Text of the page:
RVOD052 How Much Affection?

RVOD053 Your Chance to Live: Technological Failures

RVOD054 Understanding Your Ideals

RVOD055 As We Like It

RVOD056 Going Steady?

RVOD057 Carnivorous Plants

RVOD058 You & Your Family

RVOD059 Primary Safety in the School Building

RVOD060 Damaged Goods

Just one three-riffer do-over spills into this section. The rest of it's all shorts, though it seems evenly balanced between staid fifties fare and the stranger stuff of the sixties and seventies. Notable in the latter category is Your Chance to Live: Technological Failures, purported to be a disaster preparedness film, but is actually nonsense of near-dadaist levels. Also, if you like beer, you should probably know that the makers of As We Like It like it more than you do. A lot more.

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It's Marginally Officially Official!

Sometimes I doubt your commitment to Sparkle Power.Welcome, won't you?

There still isn't a poster or an offical site announcement or anything [Update: there is now], but this Youtube clip confirms what was already announced, an upcoming Rifftrax for Sparkle Power! ... er, Twilight. The alt text for that video announces the release date as April 21, 2009. Mark your calendars accordingly.

In other news, reviews of the commentaries for Die Hard (decent) and Empire Strikes Back (hilarious) will be up just as soon as I can get them cobbled together and posted.

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RVOD059 Primary Safety: In the School Building

(1960-ish?, Educational/Short, color)


Mike Nelson, Bill Corbett and Kevin Murphy

All rough edges will be ground down. Conform!

Rating: **1/2

In a Nutshell:

Safety-conscious second graders watch each other closely.


Sign issued by the saddest traffic zoning commission in the world.Bill’s teacher hands him a bandolier and a pair of signs. If he sees someone using good safety practices, he should hold up the smiling green sign. If he sees someone acting in an unsafe manner, he should hold up the frowning red sign. This excites the rest of the class for some reason, and they all join in the witch hunt for unsafe behavior. Leaning back in chairs is not permitted. You shouldn’t hold your pencil/scissors/sharp object point up either. Running around in incorrectly-tied shoes is another no-no. Walk to the right of the hall, except around doors, and use the handrails. Now let’s recap! Now let’s recap again!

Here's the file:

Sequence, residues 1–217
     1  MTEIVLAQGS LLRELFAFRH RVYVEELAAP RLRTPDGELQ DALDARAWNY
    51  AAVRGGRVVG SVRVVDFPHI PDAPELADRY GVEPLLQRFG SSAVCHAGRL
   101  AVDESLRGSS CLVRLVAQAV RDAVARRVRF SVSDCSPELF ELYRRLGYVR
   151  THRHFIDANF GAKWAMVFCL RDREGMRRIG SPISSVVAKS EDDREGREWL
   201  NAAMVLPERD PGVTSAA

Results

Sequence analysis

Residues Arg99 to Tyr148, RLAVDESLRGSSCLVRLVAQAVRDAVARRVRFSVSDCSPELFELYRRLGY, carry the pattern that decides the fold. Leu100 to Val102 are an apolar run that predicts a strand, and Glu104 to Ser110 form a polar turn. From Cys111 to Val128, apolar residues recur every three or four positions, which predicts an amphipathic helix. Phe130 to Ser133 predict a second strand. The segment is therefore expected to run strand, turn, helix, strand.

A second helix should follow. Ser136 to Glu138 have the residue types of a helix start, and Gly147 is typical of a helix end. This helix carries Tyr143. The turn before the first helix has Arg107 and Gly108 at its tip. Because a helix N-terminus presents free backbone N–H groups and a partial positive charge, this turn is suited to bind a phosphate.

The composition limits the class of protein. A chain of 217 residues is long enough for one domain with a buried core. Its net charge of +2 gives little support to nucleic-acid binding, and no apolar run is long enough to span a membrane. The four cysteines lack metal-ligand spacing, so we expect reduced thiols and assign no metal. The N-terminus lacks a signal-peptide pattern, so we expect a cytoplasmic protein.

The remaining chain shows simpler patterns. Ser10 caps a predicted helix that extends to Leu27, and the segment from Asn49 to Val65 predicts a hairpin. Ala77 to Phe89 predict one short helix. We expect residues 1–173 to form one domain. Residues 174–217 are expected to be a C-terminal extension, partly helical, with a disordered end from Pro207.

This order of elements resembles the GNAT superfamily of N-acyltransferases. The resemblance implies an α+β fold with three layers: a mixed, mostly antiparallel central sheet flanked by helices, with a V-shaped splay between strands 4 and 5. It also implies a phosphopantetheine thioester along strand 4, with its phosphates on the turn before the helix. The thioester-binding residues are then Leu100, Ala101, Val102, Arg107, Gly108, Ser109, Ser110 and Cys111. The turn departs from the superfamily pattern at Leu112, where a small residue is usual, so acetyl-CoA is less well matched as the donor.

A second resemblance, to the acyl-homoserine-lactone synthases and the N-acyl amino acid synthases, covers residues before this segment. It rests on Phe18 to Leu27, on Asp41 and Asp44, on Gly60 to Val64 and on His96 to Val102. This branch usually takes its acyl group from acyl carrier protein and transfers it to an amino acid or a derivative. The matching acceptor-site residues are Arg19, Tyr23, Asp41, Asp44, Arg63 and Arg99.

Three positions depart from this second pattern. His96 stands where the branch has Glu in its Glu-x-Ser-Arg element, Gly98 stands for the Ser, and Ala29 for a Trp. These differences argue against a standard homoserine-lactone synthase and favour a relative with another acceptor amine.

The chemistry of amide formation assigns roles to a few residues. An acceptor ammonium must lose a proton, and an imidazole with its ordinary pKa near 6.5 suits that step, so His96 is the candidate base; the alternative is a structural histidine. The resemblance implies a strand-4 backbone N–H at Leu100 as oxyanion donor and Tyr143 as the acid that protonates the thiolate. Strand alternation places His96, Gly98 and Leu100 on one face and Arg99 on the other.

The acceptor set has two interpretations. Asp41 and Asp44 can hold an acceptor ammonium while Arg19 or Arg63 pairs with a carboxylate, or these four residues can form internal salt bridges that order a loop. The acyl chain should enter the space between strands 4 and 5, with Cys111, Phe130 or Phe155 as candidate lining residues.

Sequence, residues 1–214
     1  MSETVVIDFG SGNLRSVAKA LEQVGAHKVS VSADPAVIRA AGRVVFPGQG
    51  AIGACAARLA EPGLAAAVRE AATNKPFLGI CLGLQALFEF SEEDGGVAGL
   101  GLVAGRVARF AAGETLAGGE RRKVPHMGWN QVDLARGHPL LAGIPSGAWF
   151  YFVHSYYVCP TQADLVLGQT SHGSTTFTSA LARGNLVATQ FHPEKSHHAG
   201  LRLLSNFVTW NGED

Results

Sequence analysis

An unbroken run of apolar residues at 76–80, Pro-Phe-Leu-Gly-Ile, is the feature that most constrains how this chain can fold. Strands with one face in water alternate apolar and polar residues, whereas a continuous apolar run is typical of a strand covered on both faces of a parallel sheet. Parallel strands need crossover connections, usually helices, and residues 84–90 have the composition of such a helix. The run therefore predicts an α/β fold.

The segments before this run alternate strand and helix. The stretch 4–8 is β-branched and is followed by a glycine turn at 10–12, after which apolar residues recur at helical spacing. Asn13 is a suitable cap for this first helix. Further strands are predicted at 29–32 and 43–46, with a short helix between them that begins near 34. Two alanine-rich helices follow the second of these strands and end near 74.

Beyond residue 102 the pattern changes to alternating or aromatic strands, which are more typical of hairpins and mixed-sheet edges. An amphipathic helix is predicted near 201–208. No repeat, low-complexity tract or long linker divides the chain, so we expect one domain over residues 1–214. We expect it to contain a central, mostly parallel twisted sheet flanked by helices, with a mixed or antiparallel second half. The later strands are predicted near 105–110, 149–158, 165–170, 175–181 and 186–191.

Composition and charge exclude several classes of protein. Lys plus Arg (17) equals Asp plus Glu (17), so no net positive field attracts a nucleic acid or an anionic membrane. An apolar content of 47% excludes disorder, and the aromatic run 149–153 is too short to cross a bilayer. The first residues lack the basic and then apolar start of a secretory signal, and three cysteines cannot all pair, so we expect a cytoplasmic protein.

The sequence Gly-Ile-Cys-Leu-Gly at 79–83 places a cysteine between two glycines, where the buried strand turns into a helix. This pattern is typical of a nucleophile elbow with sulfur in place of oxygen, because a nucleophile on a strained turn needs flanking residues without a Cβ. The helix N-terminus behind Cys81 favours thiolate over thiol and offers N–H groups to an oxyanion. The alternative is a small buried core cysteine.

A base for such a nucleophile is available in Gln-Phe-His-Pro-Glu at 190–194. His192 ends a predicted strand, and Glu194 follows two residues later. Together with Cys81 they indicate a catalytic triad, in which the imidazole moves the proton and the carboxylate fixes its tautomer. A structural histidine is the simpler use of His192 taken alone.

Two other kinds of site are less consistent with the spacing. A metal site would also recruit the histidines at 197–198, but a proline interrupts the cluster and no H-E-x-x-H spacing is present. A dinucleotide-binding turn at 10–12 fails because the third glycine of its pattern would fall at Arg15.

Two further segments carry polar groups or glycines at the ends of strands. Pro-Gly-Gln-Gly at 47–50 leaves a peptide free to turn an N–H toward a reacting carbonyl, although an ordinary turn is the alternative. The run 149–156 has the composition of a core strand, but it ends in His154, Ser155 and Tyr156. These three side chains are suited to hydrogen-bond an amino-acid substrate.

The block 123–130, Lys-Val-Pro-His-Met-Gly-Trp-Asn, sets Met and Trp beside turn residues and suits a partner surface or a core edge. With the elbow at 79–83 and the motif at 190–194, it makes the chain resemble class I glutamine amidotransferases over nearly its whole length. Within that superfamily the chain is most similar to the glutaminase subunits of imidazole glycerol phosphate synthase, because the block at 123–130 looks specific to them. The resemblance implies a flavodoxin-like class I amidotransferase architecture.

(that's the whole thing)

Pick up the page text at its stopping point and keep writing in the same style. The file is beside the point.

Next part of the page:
Safety’s pretty important, I’ll admit. Unfortunately, it’s kind of dull, too. Most safety shorts have enough good sense to spice things up with chipmunk-voiced aliens, catchy guitar licks or hideous papier-mache monkey masks. This short’s gimmick is a pair of signs. Yep, that’s it. A pair of signs. Go nuts, kid.

The commentary is pretty much what you would expect for a film of this age and subject matter. In the midst of a flurry of advice, Kevin tells us, “Be sure to wear your pants safely, just below the armpits.” As the children leave the right side of the hall to carefully skirt a classroom door, Bill says, “This is the rabid dog storage room.” When the narrator asks how we should carry sharp objects, Mike replies, “With a broad, downward stabbing motion.” While the commentary doesn’t completely rescue the short, it does raise it from “deathly dull” to “averagely funny.”

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Chad is Kevin's Father

Would Chad rather kiss a wookiee?Welcome, won't you?

The commentary for Star Wars: Episode V - The Empire Strikes Back has been released, and if nothing else, it sets a new record for "Most Riffers in a Single Rifftrax." (The title of "Most Riffers Ever" still stands at five for every Cinematic Titanic release thus far). Tune in to hear Mike, Bill and Kevin take the hand of Chad Vader. Together, they end this destructive conflict and rule over The Empire Strikes Back as Riffers and Internet Sitcom Star.